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Canku Ota

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(Many Paths)

An Online Newsletter Celebrating Native America


October 4, 2003 - Issue 97


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American Indian Heritage Day Instructs Students


by Shawn White Wolf Helena Independent Record


Little OneHELENA – While an Indian education specialist discussed integrating American Indian history into classrooms Friday, hundreds of area elementary school students watched local Indian children at the Civic Center perform traditional and competitive styles of pow wow dancing.

"Most of my grandchildren were demonstrating," said Sharon Two Teeth, a local Chippewa Cree and Kootenai Elder. "It's good for the children to learn our heritage; maybe there won't be so much discrimination in schools."

The fourth Friday in September was designated by the 1997 Montana Legislature as "American Indian Heritage Day."

This is the sixth consecutive year that Montana schools have been asked to focus Friday's school-day activities in September on the role of American Indians in Montana's past and present.

"If you agree that all children deserve an education, then make sure that your classroom addresses the heritage, background and experiences of all your students and their neighbors with whom they will continue to learn, work and reside with or near," said Linda McCulloch, superintendent of public instruction, in a prepared statement.

The education of Indian history and education of Indian children is not a new or recently driven hot issue in Montana. However, American Indian Heritage Day is as important as Columbus day, Flag Day, and Lincoln's and Washington's birthdays, said McCulloch.

More than 30 years ago, Montana became the first state to adopt a specific title in its Constitution that both recognized and preserves the distinct and unique cultural American Indian heritage and its cultural integrity.

While both adult Indians and non-Indian continuously debate whether or not there has been any progress in teaching Indian education, students unabashedly quizzed local Indian elders and danced freely alongside the young Indian boys and girls Friday morning and early afternoon.

"Other kids should learn about (Indian) kids that do dance because some (non-Indian) kids don't understand our children; maybe now the (non-Indian) kids will have a better understanding," said Two Teeth.

Throughout the day, Cary Youpee, drum leader and key organizer of the 5th Annual Last Chance Community Pow wow, answered as many questions from as many students as time permitted.

For example, students asked if they could drum with the drum group and how long did it take to prepare the pow wow? Other students wanted to know how a person's regalia was made; why did they need a drum; how did they get the designs for the regalias?

Learning how to drum with the drum group is acceptable in most cases, he said, and organizing a pow wow takes several months. Several pieces of a person's regalia are handed down from generation to generation, while some individuals create their own unique designs. A drum is the heartbeat of the community – without the drum, the way of life of Indian people would cease. Lastly, the designs found on regalias usually represent what tribe a person comes from, or the accomplishments of individuals.

A third-grade student from Hawthorne Elementary, who said he had been learning about Indians throughout the week, asked if his class could dance with the other dancers.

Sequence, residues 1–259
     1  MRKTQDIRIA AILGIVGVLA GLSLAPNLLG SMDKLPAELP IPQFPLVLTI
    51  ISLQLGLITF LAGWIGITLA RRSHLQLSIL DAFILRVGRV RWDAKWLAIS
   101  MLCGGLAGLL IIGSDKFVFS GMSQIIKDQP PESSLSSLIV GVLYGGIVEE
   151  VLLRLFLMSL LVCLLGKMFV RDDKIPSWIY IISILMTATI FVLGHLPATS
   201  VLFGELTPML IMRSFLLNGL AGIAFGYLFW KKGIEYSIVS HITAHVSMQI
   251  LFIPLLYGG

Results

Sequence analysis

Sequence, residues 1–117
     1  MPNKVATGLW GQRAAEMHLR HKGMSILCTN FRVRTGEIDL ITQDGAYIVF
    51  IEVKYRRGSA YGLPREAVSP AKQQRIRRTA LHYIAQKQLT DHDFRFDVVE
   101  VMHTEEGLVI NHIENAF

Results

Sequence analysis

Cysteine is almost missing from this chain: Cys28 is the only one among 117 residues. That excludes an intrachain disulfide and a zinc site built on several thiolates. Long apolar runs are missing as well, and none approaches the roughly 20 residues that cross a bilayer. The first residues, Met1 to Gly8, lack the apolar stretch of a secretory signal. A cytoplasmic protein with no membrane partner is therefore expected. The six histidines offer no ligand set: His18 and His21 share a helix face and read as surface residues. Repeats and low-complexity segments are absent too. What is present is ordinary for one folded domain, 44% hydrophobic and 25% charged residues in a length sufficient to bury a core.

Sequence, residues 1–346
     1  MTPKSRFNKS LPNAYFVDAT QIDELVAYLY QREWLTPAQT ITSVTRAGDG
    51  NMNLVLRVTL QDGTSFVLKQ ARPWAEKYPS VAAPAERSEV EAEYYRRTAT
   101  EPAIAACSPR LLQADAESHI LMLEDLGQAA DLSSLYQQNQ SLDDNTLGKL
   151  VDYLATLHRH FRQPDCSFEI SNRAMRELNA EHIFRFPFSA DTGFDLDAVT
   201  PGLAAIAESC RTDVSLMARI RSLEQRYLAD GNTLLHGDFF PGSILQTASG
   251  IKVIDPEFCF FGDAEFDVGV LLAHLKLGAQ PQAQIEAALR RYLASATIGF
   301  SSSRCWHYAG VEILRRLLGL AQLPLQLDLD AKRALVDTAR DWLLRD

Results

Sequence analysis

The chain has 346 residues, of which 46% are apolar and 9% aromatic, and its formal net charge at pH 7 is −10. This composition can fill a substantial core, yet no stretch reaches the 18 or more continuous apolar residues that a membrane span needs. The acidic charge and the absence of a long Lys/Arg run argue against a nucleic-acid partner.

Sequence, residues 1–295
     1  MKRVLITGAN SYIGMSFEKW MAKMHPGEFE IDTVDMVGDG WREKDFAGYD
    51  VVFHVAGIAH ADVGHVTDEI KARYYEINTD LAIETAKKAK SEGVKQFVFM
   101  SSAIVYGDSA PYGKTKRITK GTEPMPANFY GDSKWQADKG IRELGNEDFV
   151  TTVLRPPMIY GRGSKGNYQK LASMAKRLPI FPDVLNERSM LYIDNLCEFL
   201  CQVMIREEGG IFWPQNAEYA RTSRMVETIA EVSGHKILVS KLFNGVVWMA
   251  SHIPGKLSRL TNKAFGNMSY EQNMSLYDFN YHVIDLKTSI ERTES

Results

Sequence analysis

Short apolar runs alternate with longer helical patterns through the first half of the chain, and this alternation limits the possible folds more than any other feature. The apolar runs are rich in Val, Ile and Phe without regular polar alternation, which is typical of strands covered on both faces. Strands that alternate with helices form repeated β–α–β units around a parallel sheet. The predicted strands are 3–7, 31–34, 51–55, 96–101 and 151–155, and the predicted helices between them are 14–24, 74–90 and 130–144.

"Yes, when the time comes then you can dance too," replied Youpee.

Across town, educators, like students, were firing off questions and searching for answers.

In a board room at the Office of Public Instruction, Linda Falcon, specialist in Indian education, explained to various educators that not a lot of information was available to help contribute to classroom lesson plans.

"The purpose of education is about my kids, family, and community," she said. Falcon, a former teacher herself, said that instruction should be in a culturally responsive manner.

Yet, one educator asked if Indian people knew their own cultural values, while another asked what a culturally responsive manner was supposed to be.

Other educators questioned their level of confidence in their ability to be culturally sensitive when they don't have an understanding of Indian culture.

Falcon said that if a teacher's lesson plan is well written, with Indian history already integrated, then all a teacher would have to do is just walk right through it.

"It's OK to ask questions about how the history of American Indians has evolved and to want to be more knowledgeable about Indian spirituality if you're searching to find similarities between religions," said Falcon.

Superficial questions, she said, can be inappropriate and offensive.

Falcon said that when she was teaching in Arizona, she would ask the students to research their own heritage regardless of their background.

Still, when a first-grade student at Friday's demonstration day at the Civic Center was asked over a loud speaker if he had learned about Indians in school this week, he quickly said no.

His teacher, sitting two seats down, replied that there wasn't enough time in class this week.

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  Canku Ota is a free Newsletter celebrating Native America, its traditions and accomplishments . We do not provide subscriber or visitor names to anyone. Some articles presented in Canku Ota may contain copyright material. We have received appropriate permissions for republishing any articles. Material appearing here is distributed without profit or monetary gain to those who have expressed an interest. This is in accordance with Title 17 U.S.C. Section 107.  

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